Family, Children, and Education in Switzerland
At first, the Swiss education system might seem confusing to newly arrived expats: actually, there isn’t one system, but 26 of them. As in so many other respects, the various cantons have considerable political autonomy. Therefore, each canton organizes the local education system a little differently, though all of them have to follow certain standards set by the Swiss federal government. What public schools across Switzerland have in common, regardless of their exact location, is an excellent reputation for high-quality education. However, the language barrier could still pose potential problems for expat children. The language of instruction is usually the official language of the respective canton — French, German, or Italian. Expat families with a different native language might prefer to send their kids to one of Switzerland’s many international schools. The latter are, however, private institutions that often charge high tuition fees.
From Crèches to Graduates: Early Childhood Education and Universities in Switzerland
Just like the education system in general, Swiss universities also maintain a great academic reputation both within the country and abroad. Not only do they have a venerable tradition that goes back all the way to the late Middle Ages, but universities in Switzerland — especially the two federal institutes of technology — have kept with the times in terms of cutting-edge research. The ETH Zurich, for example, is associated with 21 Nobel laureates: the most famous probably being a former professor of theoretical physics, Albert Einstein. Unlike in Einstein’s day and age though, plenty of Swiss universities and private business schools now offer degree courses in English to international students. While college and university students are well cared for, it might be more difficult for expats with young children. Again, the standards for childcare in Switzerland are just as outstanding — but full-time day care for preschool kids, particularly those aged below three, is much sought after. It can therefore be rather expensive, which makes it hard for some working parents to balance the demands of their career and the needs of their family.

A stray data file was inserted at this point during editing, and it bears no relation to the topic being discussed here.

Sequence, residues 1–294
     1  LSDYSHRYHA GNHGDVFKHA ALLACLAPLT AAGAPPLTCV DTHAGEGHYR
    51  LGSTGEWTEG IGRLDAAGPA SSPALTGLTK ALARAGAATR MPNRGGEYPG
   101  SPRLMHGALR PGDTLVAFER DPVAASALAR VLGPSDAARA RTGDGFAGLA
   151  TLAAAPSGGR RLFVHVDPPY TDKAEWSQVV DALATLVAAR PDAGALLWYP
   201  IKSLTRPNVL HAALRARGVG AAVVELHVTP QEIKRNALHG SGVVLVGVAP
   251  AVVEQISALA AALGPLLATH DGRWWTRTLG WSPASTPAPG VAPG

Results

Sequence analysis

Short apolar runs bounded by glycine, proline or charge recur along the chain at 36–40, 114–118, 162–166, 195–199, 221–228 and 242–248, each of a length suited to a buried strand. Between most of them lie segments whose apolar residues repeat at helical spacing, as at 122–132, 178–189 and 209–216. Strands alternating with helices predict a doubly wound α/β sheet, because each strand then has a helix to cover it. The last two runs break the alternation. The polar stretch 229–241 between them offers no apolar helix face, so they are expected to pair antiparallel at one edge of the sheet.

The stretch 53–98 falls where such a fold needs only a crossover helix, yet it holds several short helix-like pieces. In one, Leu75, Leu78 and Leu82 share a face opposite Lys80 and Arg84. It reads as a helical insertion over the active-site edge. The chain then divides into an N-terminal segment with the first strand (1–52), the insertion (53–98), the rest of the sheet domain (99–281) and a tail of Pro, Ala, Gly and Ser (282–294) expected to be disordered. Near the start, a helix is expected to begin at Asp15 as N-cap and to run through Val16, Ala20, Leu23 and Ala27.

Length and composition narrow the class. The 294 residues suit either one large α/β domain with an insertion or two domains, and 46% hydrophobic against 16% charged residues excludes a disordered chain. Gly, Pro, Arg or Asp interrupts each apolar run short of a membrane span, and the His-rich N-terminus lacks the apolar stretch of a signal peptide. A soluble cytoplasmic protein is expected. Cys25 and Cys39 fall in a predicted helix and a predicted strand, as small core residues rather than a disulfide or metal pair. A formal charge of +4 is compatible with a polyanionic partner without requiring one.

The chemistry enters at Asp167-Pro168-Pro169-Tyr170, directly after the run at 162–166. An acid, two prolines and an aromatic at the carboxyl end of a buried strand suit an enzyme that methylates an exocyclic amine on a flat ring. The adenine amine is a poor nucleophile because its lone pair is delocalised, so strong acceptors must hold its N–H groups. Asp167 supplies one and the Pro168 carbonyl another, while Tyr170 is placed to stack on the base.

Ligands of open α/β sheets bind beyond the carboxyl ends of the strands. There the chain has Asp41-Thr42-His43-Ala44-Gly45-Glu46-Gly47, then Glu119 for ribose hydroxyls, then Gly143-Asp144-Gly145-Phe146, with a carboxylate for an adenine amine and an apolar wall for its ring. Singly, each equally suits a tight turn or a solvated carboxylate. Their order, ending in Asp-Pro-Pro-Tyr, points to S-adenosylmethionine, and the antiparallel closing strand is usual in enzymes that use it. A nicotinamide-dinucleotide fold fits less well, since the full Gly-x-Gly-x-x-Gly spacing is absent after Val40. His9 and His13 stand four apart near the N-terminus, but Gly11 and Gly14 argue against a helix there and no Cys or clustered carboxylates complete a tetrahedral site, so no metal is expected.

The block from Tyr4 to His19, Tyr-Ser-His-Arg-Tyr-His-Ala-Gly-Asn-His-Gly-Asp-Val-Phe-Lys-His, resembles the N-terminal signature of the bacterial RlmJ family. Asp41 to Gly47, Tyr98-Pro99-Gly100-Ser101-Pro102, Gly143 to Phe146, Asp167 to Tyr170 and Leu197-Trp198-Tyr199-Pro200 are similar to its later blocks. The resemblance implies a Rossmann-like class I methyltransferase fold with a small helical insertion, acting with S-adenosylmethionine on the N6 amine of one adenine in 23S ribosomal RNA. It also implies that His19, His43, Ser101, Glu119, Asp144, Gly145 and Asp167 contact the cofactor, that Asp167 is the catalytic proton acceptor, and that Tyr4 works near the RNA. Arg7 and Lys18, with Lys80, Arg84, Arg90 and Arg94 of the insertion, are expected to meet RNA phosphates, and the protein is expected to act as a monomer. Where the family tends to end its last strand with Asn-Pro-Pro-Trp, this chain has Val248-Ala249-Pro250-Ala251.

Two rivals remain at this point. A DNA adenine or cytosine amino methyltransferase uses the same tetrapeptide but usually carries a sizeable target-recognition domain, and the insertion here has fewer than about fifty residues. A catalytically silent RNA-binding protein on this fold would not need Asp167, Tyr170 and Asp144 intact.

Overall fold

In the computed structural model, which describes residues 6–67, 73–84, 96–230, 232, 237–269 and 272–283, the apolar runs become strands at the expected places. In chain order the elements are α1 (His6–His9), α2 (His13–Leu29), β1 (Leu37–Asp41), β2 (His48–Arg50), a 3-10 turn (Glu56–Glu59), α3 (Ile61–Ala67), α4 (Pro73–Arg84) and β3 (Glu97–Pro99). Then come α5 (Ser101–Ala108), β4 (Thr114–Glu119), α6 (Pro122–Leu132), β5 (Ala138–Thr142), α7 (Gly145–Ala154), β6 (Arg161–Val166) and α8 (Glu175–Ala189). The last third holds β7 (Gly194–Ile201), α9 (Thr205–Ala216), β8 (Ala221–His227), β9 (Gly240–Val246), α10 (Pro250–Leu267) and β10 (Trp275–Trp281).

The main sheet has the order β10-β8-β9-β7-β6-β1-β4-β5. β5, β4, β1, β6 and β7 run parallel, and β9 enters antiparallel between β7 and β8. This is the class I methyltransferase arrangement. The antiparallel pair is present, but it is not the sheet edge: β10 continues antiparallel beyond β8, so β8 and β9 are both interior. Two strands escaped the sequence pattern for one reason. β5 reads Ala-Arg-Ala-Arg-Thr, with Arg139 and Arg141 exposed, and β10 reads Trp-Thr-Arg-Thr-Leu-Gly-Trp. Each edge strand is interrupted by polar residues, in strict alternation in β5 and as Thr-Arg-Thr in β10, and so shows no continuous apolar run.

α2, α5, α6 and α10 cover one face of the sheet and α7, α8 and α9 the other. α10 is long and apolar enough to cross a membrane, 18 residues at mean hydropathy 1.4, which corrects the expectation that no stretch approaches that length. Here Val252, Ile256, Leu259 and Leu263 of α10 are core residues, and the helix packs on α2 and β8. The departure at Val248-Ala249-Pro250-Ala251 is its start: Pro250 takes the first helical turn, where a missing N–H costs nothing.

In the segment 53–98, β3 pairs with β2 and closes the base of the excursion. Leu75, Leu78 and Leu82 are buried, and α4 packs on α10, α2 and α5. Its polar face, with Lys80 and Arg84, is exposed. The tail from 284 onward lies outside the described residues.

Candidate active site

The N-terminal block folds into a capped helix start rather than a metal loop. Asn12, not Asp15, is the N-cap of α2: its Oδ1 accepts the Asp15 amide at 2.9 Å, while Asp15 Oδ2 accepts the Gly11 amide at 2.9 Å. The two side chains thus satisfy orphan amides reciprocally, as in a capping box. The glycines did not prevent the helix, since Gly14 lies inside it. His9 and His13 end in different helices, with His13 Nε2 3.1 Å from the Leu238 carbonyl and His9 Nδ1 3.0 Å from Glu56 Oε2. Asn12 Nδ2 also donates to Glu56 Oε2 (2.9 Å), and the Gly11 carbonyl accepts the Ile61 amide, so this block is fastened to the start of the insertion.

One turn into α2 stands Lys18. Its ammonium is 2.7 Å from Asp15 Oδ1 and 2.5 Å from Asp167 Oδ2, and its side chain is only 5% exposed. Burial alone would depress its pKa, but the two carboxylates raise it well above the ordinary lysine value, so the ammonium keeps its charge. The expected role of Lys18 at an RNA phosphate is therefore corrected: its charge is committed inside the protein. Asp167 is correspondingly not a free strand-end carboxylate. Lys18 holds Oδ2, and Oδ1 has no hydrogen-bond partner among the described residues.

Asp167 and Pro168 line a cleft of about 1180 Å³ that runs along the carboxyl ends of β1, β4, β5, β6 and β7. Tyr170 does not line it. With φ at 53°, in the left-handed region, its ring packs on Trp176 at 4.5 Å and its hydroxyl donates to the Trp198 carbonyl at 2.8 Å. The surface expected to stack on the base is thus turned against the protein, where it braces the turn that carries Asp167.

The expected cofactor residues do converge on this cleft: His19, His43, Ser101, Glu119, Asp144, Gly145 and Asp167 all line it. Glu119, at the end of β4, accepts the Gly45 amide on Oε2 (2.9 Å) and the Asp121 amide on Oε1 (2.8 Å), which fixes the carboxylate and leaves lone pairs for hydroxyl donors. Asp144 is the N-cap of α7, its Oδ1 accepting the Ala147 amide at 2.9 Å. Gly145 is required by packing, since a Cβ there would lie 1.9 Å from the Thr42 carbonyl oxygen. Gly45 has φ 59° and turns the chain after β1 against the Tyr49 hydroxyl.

Wedding Planning and Pets Imports: How to Cut through the Red Tape
Though younger expats coming to live, work, or study in Switzerland might not be thinking about starting a family yet, they might want to get married in Switzerland — the Alps certainly make for a very picturesque and romantic backdrop! However, it’s just as important to take all the legal aspects of a civil wedding ceremony into account. And if you should get married to a Swiss national, this can help you obtain Swiss citizenship much faster than usual. Last but not least, for many expats, pets are equally important members of their family. If you are planning to bring along your four-legged or feathered friends, there are some specific regulations and restrictions to consider, especially with regard to vaccinations against such common diseases as rabies or distemper. The InterNations guide to Switzerland provides this essential information.